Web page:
#bookreview – We Were the Salt of the Sea by Roxanne Bouchard @OrendaBooks @annecater #blogtour

Welcome to my stop on the blog tour for We Were the Salt of the Sea by Roxanne Bouchard, translated by David Warriner. My thanks go to Orenda Books for the review copy and to Anne Cater for the place on the tour.

I’m reviewing the book today but first, here’s what it’s all about.

As Montrealer Catherine Day sets foot in a remote fishing village and starts asking around about her birth mother, the body of a woman dredges up in a fisherman’s nets. Not just any woman, though: Marie Garant, an elusive, nomadic sailor and unbridled beauty who once tied many a man’s heart in knots. Detective Sergeant Joaquin Morales, newly drafted to the area from the suburbs of Montreal, barely has time to unpack his suitcase before he’s thrown into the deep end of the investigation. On Quebec’s outlying Gaspé Peninsula, the truth can be slippery, especially down on the fishermen’s wharves. Interviews drift into idle chit-chat, evidence floats off with the tide and the truth lingers in murky waters. It’s enough to make DS Morales reach straight for a large whisky… Both a dark and consuming crime thriller and a lyrical, poetic ode to the sea, We Were the Salt of the Sea is a stunning, page-turning novel, from one of the most exciting new names in crime fiction.

If you like the sound of it then you can buy the ebook now and the paperback from 30th March.


Two things drew me to this book. The beautiful cover was an instant draw, as any good cover should be, and the second thing was the blurb. I’m always attracted to books set near the sea and this one is set in Quebec’s Gaspé Peninsula in a fishing village. So far so good.

Catherine Day’s adoptive parents have passed away and she’s now looking for her birth mother and so has travelled to the peninsula to try and meet her. But a woman’s body is caught in a fisherman’s net and Catherine’s plans change. Along comes Detective Sergeant Joaquin Morales, also new to the area and with problems of his own. I liked his sections best of all and think he’s a character that could go far. I believe this book is the first in a series featuring him and I think he’s interesting enough to be worth meeting again. I felt his story was left quite open for that purpose.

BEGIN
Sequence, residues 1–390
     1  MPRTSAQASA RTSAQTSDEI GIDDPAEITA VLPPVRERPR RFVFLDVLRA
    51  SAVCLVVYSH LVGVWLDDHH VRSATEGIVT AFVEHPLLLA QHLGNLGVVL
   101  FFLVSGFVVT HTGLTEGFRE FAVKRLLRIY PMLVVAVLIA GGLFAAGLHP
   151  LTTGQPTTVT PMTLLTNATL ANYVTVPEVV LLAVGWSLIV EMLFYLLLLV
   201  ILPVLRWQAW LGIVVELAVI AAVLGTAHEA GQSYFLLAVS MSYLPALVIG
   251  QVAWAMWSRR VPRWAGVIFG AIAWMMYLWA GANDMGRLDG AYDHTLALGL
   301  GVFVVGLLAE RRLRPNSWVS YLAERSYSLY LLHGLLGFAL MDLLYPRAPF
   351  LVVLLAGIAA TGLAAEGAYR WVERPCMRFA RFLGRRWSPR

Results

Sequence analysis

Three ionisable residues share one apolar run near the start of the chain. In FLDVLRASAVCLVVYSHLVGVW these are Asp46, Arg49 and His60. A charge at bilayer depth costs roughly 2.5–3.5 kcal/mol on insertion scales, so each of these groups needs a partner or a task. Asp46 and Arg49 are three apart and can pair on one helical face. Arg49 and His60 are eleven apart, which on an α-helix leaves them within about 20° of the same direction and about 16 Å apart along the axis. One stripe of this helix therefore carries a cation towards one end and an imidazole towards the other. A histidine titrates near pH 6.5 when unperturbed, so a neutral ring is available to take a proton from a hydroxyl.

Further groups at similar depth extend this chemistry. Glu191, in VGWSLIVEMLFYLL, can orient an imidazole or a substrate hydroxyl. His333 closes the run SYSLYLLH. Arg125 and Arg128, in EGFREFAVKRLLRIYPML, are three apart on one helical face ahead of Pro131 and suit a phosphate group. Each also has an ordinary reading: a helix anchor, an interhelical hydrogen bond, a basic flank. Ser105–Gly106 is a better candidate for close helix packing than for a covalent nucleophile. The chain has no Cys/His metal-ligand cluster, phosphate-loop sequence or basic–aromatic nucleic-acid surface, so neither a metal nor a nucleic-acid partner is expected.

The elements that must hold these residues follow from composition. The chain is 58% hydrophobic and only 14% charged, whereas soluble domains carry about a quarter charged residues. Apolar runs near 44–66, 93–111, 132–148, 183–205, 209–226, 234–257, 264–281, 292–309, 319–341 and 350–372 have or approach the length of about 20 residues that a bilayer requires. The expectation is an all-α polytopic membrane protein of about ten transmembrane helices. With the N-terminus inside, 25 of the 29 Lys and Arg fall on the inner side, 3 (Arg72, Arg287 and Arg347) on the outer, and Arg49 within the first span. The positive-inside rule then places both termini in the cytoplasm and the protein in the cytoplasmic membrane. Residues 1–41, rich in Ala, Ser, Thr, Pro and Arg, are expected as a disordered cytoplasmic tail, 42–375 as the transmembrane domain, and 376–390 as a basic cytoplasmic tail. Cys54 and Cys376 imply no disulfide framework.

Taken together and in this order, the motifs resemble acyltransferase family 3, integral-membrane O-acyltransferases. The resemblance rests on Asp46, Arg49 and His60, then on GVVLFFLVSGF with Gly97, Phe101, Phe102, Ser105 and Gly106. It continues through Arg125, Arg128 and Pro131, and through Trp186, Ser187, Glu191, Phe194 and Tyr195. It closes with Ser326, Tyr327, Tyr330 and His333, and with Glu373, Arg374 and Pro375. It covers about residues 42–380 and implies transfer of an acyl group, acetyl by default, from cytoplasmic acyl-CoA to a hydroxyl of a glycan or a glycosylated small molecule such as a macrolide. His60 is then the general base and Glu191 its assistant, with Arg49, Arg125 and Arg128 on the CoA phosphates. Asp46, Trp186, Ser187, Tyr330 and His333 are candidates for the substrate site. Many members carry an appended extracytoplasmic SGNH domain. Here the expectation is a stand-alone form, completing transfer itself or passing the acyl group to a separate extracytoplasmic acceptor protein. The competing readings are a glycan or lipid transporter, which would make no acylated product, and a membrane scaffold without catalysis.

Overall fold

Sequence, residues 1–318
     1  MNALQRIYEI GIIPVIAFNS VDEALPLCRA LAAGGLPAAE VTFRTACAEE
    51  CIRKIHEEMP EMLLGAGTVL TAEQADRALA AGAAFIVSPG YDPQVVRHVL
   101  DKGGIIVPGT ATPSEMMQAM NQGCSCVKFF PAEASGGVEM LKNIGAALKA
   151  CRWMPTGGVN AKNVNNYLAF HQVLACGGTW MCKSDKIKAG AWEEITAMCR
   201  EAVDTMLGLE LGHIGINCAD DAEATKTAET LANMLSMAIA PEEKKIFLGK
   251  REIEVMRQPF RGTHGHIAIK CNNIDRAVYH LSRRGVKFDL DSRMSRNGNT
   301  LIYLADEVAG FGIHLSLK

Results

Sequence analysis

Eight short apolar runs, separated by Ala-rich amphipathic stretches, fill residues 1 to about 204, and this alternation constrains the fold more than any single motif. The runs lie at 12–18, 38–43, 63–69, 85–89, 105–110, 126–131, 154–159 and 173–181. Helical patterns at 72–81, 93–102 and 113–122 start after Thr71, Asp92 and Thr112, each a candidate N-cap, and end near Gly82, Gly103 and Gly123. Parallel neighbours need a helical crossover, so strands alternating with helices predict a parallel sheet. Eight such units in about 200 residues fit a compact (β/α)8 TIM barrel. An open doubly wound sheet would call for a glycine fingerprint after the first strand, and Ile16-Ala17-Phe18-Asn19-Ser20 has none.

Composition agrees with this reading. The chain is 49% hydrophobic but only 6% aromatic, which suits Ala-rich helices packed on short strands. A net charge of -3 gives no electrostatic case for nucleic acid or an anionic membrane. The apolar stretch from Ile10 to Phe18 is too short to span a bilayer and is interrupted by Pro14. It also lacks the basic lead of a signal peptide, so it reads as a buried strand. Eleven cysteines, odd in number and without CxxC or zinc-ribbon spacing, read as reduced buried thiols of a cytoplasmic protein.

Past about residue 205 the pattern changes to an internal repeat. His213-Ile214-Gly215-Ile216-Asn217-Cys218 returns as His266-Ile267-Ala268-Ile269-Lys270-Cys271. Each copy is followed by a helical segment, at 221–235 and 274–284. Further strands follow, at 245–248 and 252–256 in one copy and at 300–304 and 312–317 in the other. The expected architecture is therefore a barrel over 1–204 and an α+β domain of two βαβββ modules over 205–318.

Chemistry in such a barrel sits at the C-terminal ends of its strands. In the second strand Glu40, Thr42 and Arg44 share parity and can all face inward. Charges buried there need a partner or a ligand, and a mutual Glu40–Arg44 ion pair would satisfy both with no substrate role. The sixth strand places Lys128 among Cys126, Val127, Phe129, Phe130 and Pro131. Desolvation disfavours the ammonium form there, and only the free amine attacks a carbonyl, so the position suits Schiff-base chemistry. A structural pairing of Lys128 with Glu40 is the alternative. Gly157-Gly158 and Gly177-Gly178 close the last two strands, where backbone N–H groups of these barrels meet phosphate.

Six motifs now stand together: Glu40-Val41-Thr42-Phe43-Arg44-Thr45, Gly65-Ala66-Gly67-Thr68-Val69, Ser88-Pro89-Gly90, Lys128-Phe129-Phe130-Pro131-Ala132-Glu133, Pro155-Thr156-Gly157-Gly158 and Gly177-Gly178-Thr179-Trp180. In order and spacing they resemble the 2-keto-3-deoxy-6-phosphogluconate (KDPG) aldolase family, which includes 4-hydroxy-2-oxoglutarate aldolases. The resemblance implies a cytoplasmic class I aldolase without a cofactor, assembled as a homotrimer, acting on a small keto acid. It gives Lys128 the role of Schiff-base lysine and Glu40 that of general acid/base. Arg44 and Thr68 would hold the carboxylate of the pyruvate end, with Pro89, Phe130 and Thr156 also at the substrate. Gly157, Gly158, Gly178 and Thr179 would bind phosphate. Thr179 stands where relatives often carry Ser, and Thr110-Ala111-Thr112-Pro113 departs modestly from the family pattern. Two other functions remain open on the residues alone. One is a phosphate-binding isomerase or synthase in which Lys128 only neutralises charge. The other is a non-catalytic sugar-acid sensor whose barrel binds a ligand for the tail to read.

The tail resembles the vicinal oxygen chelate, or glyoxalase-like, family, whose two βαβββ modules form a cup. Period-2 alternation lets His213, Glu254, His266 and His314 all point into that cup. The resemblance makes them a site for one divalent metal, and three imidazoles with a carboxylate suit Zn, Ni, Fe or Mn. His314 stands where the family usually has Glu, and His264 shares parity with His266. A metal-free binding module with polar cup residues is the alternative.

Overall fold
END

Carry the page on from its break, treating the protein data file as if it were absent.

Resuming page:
I have to say that this book was not what I was expecting. It almost comes across as a cosy crime novel in many ways but I was expecting something more gritty. It has very much a closed in, small village feel to it – claustrophobic, where everybody knows everyone else’s business. There are also some very quirky people living there, to say the least, and there seem to be a lot of people with catchphrases that they use constantly. I did think it was very evocative in that it wasn’t hard to imagine the smell of the sea, the sight of the fishing boats etc.

In all honesty, I struggled with the writing style. I think it’s beautifully written and lyrical in style, but I just found it a bit difficult to engage with. I’m definitely swimming against the tide with that opinion though, as I’ve read many reviews from readers who have adored this book.

In summary, perhaps not the right book for me, but absolutely for you if you love that enclosed community feel, a book with a mystery at its heart and poetic writing, and a fairly gentle feel to your crime novels.



Ten years or so ago, Roxanne Bouchard decided it was time she found her sea legs. So she learned to sail, first on the St Lawrence River, before taking to the open waters off the Gaspe Peninsula. The local fishermen soon invited her aboard to reel in their lobster nets, and Roxanne saw for herself that the sunrise over Bonaventure never lies. We Were the Salt of the Sea is her fifth novel, and her first to be translated into English. She lives in Quebec.

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